GULFPORT, Miss. (WLOX) - The year 2020 will be remembered for a lot of things including the marches, rallies, and protests that took place nationwide following the death of George Floyd in the hands of police. Here in South Mississippi, voices were not silenced. One particular march, the ‘Unity March’ was organized with a goal of bridging the gap between law enforcement and community.
“One thing I wanted to do is I wanted to make sure that everybody in this local community knew that what was going on outside our community didn’t have to go on the inside of our community,” said Unity March organizer Greg Whitfield.
Both Whitfield and Gulfport Police Chief Chris Ryle sat down on Wednesday to look back on the good of this particular rally. Hundreds of people from all different backgrounds marched through the streets of Gulfport peacefully with the same goal in mind: A show of unity.
“The unity that was built,” said Chief Ryle. “The prayer, just the love we showed for one another that day only brought us much closer together as a community,” Chief Ryle said.
Chief Ryle said in order to build relationships within communities, you first have to build trust. That’s why body cams have been enforced for the pass five years with Gulfport Police, so if anything is to ever go wrong, the proper steps can be taken to properly investigate.
“There’s a reason for it, so we can keep track and record everything we do and interactions with the citizens,” said Chief Ryle. “If you’re a bad cop, I don’t want you. ... My first day on the job I fired an officer, so I’m not afraid to terminate a bad officer. The community has to have trust in us to do our job.”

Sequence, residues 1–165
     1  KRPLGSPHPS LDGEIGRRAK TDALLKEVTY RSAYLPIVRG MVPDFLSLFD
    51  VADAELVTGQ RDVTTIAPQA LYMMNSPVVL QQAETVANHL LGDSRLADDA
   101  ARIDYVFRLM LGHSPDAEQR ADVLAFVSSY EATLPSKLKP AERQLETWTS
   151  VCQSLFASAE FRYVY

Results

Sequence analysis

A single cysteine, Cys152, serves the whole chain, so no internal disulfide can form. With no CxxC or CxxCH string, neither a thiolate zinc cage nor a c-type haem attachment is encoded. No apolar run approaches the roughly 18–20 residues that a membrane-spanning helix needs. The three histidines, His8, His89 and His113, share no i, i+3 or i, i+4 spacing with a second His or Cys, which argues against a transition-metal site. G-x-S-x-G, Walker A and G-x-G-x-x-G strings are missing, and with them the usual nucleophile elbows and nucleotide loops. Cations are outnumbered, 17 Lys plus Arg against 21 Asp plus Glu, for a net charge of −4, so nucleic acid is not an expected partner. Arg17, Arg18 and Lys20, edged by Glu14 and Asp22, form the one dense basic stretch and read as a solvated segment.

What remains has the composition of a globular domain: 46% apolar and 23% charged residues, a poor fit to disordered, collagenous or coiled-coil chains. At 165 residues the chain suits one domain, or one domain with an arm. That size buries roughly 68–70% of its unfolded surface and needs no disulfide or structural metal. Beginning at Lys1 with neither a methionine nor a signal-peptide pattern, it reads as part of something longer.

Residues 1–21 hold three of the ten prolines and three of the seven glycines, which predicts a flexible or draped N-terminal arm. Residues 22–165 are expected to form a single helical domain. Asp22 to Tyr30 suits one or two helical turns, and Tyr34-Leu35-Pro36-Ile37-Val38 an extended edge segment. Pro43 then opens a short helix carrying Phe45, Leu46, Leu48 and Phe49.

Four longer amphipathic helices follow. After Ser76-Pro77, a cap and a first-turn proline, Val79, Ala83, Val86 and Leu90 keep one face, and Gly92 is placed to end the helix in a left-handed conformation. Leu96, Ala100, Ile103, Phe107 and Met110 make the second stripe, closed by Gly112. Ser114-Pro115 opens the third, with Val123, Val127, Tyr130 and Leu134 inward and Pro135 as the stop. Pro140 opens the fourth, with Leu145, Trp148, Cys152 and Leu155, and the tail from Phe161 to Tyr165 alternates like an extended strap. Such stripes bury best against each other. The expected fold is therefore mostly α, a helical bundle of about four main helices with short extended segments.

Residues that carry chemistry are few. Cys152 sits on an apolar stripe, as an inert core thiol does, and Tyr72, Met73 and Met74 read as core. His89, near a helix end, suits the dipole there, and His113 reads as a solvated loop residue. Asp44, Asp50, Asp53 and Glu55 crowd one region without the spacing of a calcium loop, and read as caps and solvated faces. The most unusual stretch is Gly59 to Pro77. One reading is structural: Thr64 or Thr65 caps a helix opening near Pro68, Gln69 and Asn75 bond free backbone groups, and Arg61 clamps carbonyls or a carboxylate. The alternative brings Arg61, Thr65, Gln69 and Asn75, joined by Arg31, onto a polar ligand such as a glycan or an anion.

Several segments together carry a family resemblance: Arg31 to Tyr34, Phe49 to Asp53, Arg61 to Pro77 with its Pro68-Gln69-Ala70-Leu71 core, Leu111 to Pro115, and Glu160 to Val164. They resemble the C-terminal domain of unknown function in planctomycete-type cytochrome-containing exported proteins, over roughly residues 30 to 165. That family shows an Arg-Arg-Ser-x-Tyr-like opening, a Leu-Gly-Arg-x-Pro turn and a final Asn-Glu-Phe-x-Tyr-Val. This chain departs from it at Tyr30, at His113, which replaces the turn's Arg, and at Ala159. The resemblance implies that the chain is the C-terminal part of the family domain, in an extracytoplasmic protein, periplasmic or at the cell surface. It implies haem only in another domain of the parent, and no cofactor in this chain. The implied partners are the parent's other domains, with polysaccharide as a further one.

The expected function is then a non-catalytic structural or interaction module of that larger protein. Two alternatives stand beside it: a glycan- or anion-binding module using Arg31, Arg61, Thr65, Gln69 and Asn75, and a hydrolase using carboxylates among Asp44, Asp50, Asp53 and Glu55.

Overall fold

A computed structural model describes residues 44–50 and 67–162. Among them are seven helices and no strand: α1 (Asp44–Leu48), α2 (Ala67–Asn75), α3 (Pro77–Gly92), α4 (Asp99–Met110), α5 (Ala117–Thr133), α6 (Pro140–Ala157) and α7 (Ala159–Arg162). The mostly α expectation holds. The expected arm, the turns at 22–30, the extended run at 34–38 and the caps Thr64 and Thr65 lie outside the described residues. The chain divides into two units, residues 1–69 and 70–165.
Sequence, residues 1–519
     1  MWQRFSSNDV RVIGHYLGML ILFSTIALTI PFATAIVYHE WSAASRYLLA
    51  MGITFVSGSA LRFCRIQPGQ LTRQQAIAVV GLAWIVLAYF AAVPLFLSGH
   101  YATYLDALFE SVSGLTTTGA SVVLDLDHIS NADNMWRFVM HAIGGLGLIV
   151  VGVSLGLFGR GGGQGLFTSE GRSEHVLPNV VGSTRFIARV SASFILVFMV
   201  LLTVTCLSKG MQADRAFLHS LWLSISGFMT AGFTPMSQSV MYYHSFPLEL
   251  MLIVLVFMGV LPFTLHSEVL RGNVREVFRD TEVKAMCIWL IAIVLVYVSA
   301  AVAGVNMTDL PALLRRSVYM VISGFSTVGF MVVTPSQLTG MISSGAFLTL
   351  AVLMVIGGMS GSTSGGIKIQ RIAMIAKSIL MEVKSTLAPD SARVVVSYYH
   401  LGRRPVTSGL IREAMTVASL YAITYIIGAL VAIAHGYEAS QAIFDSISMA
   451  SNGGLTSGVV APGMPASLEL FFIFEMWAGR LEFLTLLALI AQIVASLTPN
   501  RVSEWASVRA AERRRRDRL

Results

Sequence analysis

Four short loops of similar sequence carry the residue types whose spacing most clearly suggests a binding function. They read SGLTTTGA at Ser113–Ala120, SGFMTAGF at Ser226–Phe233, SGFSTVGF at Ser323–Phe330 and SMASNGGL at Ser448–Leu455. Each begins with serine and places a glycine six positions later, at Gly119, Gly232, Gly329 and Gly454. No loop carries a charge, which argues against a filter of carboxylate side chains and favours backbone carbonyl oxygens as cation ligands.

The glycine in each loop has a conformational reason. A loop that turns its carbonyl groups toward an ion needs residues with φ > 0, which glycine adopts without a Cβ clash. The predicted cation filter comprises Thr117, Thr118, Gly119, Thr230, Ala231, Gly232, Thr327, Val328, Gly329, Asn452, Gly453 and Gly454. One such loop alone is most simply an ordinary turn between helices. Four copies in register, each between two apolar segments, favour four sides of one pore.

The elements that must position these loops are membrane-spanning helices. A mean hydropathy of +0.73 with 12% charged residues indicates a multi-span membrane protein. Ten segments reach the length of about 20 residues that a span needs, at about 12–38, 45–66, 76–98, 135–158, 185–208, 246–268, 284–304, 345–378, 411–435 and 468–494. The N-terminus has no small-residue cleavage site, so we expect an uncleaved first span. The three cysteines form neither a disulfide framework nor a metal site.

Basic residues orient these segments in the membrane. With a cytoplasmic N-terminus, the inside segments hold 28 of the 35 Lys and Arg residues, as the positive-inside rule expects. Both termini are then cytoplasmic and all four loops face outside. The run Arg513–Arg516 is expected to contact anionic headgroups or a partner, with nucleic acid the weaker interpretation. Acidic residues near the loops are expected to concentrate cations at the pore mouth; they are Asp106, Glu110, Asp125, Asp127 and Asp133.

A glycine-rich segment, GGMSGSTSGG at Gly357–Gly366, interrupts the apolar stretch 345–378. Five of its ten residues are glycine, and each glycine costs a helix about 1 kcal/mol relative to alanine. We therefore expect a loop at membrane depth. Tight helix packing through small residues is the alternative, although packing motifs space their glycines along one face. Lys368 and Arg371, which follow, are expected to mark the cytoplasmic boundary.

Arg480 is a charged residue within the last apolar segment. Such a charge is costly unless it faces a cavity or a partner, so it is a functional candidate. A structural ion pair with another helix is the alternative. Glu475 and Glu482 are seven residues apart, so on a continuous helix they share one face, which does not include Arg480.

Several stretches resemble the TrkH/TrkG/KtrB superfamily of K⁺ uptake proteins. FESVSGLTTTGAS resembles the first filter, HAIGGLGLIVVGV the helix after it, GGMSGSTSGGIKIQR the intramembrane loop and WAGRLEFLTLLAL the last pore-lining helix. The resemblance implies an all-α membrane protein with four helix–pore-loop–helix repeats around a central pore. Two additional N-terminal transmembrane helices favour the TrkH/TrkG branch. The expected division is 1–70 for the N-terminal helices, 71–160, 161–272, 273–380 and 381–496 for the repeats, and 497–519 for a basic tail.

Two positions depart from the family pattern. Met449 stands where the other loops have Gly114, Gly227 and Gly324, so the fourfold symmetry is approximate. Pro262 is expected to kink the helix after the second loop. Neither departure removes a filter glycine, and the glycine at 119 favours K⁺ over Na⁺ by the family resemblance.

Whitfield said even though the Unity March is behind us, work is still being done to help the community stand together as one.
“Going out and doing positive things and showing a positive front - that’s really what it’s all about,” Whitfield said. “The main thing is when people have bad experience, bring it to the attention of people who can make a change and a difference instead of talking to other people around who can’t do anything about nothing.”
Chief Ryle said the pandemic forced his department to put on hold a lot of their plans for more interaction with the community.
“Unfortunately, COVID has come along and has canceled a lot of follow-up stuff we wanted to do at the police department, but it’s still in the forefront of our mind,’ Chief Ryle said. “We’ve got to continue to build these relationships within our community.”
As both men reflected on the good from the march, Whitfield expressed it is possible for South Mississippi to stand together as one.
”We can come together in unity and we can live and coincide together and live with each other,” said Whitfield.